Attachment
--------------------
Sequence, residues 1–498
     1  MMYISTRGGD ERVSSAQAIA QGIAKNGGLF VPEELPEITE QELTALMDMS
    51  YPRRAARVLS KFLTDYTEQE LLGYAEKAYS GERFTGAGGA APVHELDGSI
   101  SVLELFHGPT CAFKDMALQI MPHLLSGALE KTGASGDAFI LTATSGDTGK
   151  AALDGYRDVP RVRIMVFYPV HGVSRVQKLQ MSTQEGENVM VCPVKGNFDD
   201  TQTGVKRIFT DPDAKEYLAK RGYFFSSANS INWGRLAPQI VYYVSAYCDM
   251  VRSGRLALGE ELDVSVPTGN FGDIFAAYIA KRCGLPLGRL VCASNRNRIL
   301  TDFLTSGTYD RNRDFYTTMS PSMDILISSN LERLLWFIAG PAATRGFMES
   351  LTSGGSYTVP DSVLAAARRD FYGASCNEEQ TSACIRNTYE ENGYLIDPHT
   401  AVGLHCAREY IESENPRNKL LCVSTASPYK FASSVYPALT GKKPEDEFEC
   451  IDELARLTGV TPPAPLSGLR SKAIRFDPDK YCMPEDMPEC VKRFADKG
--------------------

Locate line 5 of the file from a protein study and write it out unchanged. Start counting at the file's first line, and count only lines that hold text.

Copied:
   151  AALDGYRDVP RVRIMVFYPV HGVSRVQKLQ MSTQEGENVM VCPVKGNFDD